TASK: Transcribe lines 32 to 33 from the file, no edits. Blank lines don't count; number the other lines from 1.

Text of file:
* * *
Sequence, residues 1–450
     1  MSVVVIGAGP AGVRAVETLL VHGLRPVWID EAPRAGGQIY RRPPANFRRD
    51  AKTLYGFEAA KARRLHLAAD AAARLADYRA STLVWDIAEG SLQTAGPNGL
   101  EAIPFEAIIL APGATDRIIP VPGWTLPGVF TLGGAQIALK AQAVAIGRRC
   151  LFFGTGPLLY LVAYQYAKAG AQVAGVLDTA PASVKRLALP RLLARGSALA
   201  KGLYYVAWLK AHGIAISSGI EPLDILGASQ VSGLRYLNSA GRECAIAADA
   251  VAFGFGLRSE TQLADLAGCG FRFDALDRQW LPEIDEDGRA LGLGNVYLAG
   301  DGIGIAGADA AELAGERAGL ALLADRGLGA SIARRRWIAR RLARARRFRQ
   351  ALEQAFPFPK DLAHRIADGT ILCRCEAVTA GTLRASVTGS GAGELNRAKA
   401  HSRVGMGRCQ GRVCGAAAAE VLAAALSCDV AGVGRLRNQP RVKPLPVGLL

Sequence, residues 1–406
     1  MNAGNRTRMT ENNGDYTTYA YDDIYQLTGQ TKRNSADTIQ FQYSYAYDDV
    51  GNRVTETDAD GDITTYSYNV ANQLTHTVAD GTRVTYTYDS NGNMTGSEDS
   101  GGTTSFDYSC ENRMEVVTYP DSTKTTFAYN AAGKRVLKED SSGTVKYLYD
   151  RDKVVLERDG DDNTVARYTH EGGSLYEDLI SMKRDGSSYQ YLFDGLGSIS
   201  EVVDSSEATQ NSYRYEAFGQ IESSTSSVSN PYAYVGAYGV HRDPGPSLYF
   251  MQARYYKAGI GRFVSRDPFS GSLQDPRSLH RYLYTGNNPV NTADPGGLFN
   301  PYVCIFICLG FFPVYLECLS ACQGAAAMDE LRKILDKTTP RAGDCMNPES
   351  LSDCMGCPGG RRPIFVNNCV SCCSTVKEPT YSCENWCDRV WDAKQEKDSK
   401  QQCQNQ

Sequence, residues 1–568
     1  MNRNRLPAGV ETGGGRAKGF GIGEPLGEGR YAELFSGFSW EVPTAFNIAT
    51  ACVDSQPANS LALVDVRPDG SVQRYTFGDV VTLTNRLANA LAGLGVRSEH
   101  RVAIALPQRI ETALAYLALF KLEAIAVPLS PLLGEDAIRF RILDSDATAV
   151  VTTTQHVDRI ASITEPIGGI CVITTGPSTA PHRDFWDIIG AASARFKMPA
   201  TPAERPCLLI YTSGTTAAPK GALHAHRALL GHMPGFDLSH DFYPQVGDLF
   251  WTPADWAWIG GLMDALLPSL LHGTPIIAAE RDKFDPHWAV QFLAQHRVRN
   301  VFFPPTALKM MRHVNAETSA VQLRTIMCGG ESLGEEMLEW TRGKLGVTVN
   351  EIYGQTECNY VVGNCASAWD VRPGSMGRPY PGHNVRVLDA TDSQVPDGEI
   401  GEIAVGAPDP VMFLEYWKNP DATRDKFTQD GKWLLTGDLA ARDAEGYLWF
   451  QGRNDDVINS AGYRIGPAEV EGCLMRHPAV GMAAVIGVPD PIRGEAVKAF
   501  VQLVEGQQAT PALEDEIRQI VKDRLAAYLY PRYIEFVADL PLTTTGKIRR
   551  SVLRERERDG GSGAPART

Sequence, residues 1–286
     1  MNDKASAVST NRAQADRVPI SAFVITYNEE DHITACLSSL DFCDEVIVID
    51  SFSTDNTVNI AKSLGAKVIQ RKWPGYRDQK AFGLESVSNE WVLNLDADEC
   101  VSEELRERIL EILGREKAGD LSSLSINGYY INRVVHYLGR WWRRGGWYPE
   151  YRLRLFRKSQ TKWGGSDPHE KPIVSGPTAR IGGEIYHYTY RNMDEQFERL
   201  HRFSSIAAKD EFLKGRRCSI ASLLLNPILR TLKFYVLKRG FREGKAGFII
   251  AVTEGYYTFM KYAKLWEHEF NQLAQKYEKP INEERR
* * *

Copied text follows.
   501  VQLVEGQQAT PALEDEIRQI VKDRLAAYLY PRYIEFVADL PLTTTGKIRR
   551  SVLRERERDG GSGAPART